You may have recently heard about the new Public Sector Web Accessibility Regulations which put a much stronger emphasis on ensuring all users of websites and intranets across the public sector can have as an inclusive web experience as much as possible.
For most institutions there’s a lot of work underway both on their public facing websites and for those systems such as VLE’s where a significant numbers of individuals need to engage with a range of online content and activities. This blog post isn’t a dissection of the ins and outs of the new regulations. Jisc have been holding a number of accessibility clinics where specific queries can be discussed and the Further and Higher Education Working Group have pulled together a range of advice and support if you are interested in delving into the regulations further.
For me, personally, the aim and principles behind the regulations resonate with the key values of our institution as an inclusive community and also in terms of ascribing to the key professional values articulated within Advance HE’s Professional Standards Framework, as an HEA Fellow. Ensuring I am “promoting participation in higher education and equality of opportunity for learners” within my role and advocating for it more broadly across the institution through a focus on digital accessibility brings those two elements into closer alignment.
There’s also the link with digital capabilities. The Jisc Digital Capabilities Framework articulates a whole range of capabilities for living, learning and working in a digital world. And here, when we are discussing those elements there again are links into those capabilities that allow us to either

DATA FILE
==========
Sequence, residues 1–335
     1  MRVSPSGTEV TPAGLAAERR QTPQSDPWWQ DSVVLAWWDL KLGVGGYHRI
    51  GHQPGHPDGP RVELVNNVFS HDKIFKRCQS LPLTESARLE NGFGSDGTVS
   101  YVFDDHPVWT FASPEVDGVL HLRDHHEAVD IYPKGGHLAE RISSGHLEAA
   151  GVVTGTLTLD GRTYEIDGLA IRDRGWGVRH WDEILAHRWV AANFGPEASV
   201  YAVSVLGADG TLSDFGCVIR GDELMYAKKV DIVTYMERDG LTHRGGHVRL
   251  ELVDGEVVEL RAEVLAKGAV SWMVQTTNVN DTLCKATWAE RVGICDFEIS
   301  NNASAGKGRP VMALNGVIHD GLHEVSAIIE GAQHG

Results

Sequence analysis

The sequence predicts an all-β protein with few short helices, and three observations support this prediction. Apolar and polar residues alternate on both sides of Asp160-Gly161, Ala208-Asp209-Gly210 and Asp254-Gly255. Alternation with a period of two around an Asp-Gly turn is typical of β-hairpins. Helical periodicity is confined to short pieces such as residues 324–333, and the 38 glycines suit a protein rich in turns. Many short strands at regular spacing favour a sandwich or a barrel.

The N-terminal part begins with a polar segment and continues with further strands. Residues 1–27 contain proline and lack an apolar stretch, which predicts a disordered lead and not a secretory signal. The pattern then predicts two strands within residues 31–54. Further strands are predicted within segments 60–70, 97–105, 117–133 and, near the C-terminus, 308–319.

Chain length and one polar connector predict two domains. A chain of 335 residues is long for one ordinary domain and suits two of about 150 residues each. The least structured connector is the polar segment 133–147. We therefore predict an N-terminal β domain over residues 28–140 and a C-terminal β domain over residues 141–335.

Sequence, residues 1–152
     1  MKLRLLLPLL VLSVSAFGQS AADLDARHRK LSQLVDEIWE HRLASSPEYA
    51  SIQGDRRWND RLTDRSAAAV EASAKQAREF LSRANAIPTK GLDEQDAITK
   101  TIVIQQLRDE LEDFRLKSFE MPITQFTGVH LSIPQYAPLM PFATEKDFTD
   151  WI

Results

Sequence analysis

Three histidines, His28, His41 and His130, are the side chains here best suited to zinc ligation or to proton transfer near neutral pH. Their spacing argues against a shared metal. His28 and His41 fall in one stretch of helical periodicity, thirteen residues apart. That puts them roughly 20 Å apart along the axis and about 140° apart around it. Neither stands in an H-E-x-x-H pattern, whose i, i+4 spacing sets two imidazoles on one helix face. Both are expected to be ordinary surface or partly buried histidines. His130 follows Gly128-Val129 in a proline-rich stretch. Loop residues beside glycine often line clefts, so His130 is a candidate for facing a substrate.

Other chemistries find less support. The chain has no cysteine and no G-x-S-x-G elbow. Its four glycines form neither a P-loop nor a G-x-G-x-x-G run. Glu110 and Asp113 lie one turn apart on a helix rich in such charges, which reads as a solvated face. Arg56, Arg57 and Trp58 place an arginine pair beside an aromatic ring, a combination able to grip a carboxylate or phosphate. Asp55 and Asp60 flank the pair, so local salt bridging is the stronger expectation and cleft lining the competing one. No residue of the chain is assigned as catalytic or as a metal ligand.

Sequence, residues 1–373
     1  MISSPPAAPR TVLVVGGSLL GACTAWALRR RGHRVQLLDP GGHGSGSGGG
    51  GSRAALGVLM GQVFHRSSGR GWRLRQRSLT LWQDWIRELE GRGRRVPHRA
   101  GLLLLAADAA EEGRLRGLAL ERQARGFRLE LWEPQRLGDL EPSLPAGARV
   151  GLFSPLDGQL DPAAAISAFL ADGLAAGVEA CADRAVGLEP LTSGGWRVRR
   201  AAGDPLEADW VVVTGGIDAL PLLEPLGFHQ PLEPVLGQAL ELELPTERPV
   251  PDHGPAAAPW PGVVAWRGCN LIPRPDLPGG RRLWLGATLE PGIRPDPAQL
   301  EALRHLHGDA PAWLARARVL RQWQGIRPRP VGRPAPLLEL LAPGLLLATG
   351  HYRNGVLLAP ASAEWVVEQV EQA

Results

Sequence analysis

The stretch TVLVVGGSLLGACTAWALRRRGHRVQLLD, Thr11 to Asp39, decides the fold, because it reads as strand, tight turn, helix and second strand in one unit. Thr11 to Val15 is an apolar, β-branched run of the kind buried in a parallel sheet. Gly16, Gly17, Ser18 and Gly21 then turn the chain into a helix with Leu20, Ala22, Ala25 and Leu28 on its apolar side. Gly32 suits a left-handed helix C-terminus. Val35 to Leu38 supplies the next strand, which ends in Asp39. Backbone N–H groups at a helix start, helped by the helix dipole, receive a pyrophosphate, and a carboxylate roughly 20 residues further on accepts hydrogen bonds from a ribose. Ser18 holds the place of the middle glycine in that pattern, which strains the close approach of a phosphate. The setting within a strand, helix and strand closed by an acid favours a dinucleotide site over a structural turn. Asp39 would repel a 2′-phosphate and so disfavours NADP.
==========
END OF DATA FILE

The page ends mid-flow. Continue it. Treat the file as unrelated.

- have the digital skills to ensure that those digital artefacts we create are as accessible as possible
- ensure we have considered the impacts of navigating our courses on our learners needs
- have the digital capabilities to ensure equality of access to digital opportunities or feel confident to be able critical evaluate digital technologies to support access and inclusion. (Something that resonates in part with the arguments Jesse Stommel was making at his ALT-C 2019 keynote).
In my mind, it looks a bit like this Venn diagram.
The intersectionality of those values we hold to as inclusive educators and the recognition of how through the development of our individual and organisational digital capabilities we can significantly move forward those opportunities for equality of learners is where I see the opportunities that a focus on digital accessibility can have benefit, albeit through the tool of some legal requirements.
For me, this shouldn’t about compliance with another set of regulations but a real, tangible opportunity to develop those capabilities that help us, as a learning community to demonstrate how we put those values we sign-up to as individuals and organisations, into action.
So what do you think? How do you interpret the focus on digital accessibility that the regulations are prompting at the moment?